From Figures 6(a) to 6(c), the stress-strain curve, peak strength, and elastic modulus of the numerical simulation of each dry density tailing sample and laboratory tests under different confining pressures were basically consistent. With the increase of the dry density, the peak strength of the samples with the same confining pressure increased significantly. With the increase of confining pressure, the simulation curves at each dry density showed that the degree of strain softening to strain softening was suppressed and finally strain hardening occurred. That could be explained that as the confining pressure increased, the sliding and turning of the particles in the simulation were restricted to enhance the load-bearing capacity, and the sample strain hardening phenomenon occurred macroscopically. At the same time, as the confining pressure increased, the axial strain corresponding to the peak stress in the simulation curve also tended to increase. In the simulation curve, the peak stress of each dry density tailings increased with the increase of confining pressure and showed a nearly linear relationship consistent with the conclusion that the peak strength and the confining pressure exhibited linear relationship [18]. Figure 7 showed the relationship between peak strength and confining pressure. When the confining pressure was 100 kPa and 200 kPa, the stress-strain curve of PFC simulation and laboratory test were in excellent relevance; but when the confining pressure was 300 kPa, the curve matched poorly. This was mainly because the larger particles in the tailings sample were more likely to be crushed when compressed under high confining pressure, but the PFC numerical simulation model assumes that the ball particles are rigid, so the matching degree between laboratory tests and PFC numerical results under high confining pressures is poor. It can be seen from Figure 6 that the initial elastic modulus of the simulation curve was slightly smaller than the laboratory test due to the large crushed particles in the real sample, but the particles in the numerical simulation cannot be crushed. In the numerical experiment, different dry densities were achieved by controlling the change of porosity while keeping other simulation parameters unchanged. The peak strength decreases by 46.7 kPa when the porosity increases from 0.32 to 0.45 at the confining pressure of 100 kPa; the peak strength decreases by 213.3 kPa and 317.7 when the porosity increases from 0.32 to 0.45 kPa at the confining pressure of 200 kPa and 300 kPa. The stress-strain curves of the numerical test showed strain hardening before the deviatoric stress reached the peak value, and the volume change showed a shear shrinkage characteristic. The stress-strain curve of the numerical test before the deviatoric stress reached the peak shows strain hardening, and the volume change became the shrinkage characteristic. After the peak stress was reached, the volume change showed the tendency of shear expansion, which was consistent with the laboratory test results in Figure 3. From a mesoscopic point of view, as the loading progresses gradually, the pores in the sample are continuously compressed, the particle spacing decreases, the number of contact points increases, and the body shrinkage characteristics appear macroscopically before the peak stress is reached; after the deviatoric stress reaching the peak stress, the bite force between the particles reached the peak due to the maximum restriction and restraint effect between the particles at the peak stress; therefore, as further loading destroyed the bite between the particles, the particles began to slip and rotate, with the tendency to expand radially. The mutual restriction between particles and the deviatoric stress decreased, and the volume of the sample began to expand, and the macroscopic performance is the dilatancy characteristic.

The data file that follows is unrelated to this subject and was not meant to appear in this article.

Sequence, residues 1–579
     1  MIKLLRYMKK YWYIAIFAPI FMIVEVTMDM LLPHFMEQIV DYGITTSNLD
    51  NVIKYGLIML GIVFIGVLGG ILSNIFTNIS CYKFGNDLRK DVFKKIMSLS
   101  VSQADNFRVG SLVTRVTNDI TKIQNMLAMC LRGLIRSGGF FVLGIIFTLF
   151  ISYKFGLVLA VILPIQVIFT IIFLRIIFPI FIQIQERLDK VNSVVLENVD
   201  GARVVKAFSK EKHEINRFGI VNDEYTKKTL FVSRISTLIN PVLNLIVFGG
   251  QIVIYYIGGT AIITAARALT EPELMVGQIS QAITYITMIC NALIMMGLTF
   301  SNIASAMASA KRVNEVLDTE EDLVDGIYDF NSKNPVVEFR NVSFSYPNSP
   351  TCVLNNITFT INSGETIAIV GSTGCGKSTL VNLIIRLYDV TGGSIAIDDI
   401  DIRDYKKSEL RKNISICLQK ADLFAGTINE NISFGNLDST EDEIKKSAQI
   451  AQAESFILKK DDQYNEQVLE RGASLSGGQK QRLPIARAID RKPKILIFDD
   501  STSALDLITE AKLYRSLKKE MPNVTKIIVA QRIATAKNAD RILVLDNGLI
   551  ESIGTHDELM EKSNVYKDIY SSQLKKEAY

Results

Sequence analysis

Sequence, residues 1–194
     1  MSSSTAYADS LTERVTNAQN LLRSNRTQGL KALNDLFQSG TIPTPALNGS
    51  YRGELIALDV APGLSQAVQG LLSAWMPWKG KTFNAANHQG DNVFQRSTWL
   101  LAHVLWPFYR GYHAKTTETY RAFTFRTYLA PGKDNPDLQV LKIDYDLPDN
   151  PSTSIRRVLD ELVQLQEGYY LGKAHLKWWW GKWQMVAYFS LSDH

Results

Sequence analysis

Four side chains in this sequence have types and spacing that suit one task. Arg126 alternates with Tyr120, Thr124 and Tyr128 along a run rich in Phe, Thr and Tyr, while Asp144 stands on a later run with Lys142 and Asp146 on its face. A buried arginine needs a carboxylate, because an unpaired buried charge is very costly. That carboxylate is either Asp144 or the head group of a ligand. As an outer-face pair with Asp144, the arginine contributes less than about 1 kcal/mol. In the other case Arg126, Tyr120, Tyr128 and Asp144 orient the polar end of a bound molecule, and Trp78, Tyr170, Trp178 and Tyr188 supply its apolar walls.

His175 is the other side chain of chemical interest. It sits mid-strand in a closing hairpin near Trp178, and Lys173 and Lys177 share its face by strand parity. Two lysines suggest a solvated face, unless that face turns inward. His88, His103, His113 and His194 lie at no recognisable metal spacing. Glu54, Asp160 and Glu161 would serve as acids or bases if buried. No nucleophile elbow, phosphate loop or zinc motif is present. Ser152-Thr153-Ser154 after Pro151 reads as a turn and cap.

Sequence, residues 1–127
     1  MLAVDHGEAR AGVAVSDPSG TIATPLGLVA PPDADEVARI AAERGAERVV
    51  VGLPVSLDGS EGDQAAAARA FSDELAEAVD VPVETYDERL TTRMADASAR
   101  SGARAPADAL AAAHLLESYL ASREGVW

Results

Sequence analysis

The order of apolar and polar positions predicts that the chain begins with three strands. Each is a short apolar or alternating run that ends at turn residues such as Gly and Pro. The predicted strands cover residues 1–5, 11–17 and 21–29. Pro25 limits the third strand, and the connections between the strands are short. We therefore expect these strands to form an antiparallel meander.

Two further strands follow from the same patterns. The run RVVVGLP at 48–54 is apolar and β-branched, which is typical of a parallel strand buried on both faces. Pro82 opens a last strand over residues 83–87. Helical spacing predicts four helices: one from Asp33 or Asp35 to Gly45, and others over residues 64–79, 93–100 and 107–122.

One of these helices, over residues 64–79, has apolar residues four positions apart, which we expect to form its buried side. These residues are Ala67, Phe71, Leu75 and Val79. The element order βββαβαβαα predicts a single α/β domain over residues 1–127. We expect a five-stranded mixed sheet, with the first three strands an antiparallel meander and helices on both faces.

5.2. Volumetric Strain-Axial Strain Relationship

The volume strain of the tailing sample is the amount of change per unit volume of the sample. Based on the initial volume, volume compression serves as positive volume strain, volume expansion serves as negative volume strain, and the point where the slope of the axial strain and volume strain curve of is 0 is defined as the critical point of the shear expansion trend. The relationship between axial strain and volume strain under PFC numerical simulation is shown in Figure 8.